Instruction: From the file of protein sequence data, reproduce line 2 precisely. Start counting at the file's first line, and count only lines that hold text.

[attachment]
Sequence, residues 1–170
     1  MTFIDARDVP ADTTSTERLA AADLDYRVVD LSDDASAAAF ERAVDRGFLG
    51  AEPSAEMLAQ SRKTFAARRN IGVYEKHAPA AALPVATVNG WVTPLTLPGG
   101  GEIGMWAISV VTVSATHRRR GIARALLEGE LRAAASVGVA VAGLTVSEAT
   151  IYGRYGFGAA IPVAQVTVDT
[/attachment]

     1  MTFIDARDVP ADTTSTERLA AADLDYRVVD LSDDASAAAF ERAVDRGFLG